Music luminaries pay tribute to Pandit Ravi Shankar a day after his demise
Indian music luminaries paid tributes to 'godfather of world music' and Grammy winning composer Ravi Shankar, who helped introduce the sitar to the Western world through his collaborations with The Beatles.
Shankar died in Southern California on Tuesday (December 11), his family said. He was 92.
A three-time Grammy winner with legendary appearances at the 1967 Monterey Festival and at Woodstock, Shankar had been in fragile health for several years and last Thursday underwent surgery, his family said in a statement.
Shankar had suffered from upper respiratory and heart issues over the past year and underwent heart-valve replacement surgery last week at a hospital in San Diego, south of Los Angeles. The surgery was successful but he was unable to recover and passed away on Tuesday evening (US time).
The surgery was successful, but he was unable to recover.
Some of the leading exponents of the classical Indian art forms mourned his death.
Indian classical singer and Ravi Shankar's contemporary, Shanti Hiranand said his music had a spellbinding effect, one could almost feel like being hit by a thunderbolt while listening to him.
"Ravi Shankar, I met many a times. In fact, his first recording in US is with me, first concert, which he did in US as a young man. He was a great artist, I mean he took sitar to the world and today that sitar is being played all over the world is all because of him."
He was described as "the godfather of world music" by George Harrison, the Beatles' lead guitarist.
Even though he was a legend in the Western world, he was always drawn back to the revered traditions of the sitar.
Indian classical music student, Pooja Goswami, said "These kind of souls are not human beings, we call them 'gandharv' (distinguished musicians) in Indian music. So, he was gandharv, his body and soul was full of music in everything, not only in sitar, rhythm and dance."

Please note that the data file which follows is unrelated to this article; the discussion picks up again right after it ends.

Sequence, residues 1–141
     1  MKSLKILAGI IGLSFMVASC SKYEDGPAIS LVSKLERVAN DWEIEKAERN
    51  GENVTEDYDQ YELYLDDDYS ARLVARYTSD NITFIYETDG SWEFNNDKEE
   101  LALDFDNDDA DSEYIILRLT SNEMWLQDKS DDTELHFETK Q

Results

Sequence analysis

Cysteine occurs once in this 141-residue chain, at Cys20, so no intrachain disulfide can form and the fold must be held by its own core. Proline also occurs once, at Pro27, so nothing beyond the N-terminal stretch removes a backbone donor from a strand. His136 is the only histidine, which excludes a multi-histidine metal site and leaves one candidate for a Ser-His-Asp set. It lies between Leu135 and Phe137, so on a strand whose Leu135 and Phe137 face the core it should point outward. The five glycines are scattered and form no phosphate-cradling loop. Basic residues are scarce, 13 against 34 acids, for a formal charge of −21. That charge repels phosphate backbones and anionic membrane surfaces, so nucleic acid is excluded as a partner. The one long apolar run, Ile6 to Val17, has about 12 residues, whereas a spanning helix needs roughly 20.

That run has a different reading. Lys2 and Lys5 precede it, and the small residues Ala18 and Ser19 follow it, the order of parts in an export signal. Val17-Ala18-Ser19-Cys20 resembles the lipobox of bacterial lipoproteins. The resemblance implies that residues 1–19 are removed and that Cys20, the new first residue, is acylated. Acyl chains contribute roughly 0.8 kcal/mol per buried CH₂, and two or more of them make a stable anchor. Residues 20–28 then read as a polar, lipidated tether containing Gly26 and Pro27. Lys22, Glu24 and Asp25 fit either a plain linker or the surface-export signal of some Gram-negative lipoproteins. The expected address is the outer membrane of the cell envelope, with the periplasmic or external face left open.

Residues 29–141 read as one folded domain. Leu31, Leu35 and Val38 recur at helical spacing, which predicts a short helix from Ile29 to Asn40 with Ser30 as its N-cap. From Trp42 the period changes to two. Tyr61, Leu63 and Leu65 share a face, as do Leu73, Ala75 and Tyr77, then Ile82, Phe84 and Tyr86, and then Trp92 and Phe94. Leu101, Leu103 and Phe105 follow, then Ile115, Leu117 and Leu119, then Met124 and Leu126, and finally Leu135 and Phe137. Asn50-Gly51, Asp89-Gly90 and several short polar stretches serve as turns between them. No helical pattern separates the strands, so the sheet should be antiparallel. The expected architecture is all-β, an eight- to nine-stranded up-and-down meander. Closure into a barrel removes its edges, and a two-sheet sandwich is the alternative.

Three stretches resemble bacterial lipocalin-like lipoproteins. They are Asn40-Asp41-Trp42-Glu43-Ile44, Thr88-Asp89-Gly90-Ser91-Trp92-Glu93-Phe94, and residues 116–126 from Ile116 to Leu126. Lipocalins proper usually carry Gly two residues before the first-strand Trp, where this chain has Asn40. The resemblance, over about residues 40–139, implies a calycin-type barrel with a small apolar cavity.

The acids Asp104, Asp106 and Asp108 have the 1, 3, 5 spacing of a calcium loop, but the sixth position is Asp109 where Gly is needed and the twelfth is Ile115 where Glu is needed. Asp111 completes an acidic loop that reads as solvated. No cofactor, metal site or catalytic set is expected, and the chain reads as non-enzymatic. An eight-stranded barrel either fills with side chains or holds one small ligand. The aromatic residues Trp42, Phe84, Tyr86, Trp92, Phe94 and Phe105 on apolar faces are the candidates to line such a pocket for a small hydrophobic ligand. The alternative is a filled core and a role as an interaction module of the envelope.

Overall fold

A long time disciple of the sitar maestro, Parimal Sadaphal said "The purity, sweetness and innovation in his music that we have seen over the years, his legacy will continue. Even if we keep trying, it is difficult to reach his level."
Saddened over the demise, legendary classical dancer, Pandit Birju Maharaj said "I am deeply saddened and in pain. Pain is a small word, he was an undying personality. He was the kind of a person, who made the world familiar with sitar, raag and taal (classical Indian musical notations). He used to get completely engrossed while playing sitar and the glimpse of the notations were reflected on his face."
Shankar performed his last concert with his daughter Anoushka on November 4 in Long Beach, California, the statement said. The night before he underwent surgery, he was nominated for a Grammy for his latest album "The Living Room Sessions, Part 1."
His family said that memorial plans would be announced at a later date and requested that donations be made to the Ravi Shankar Foundation.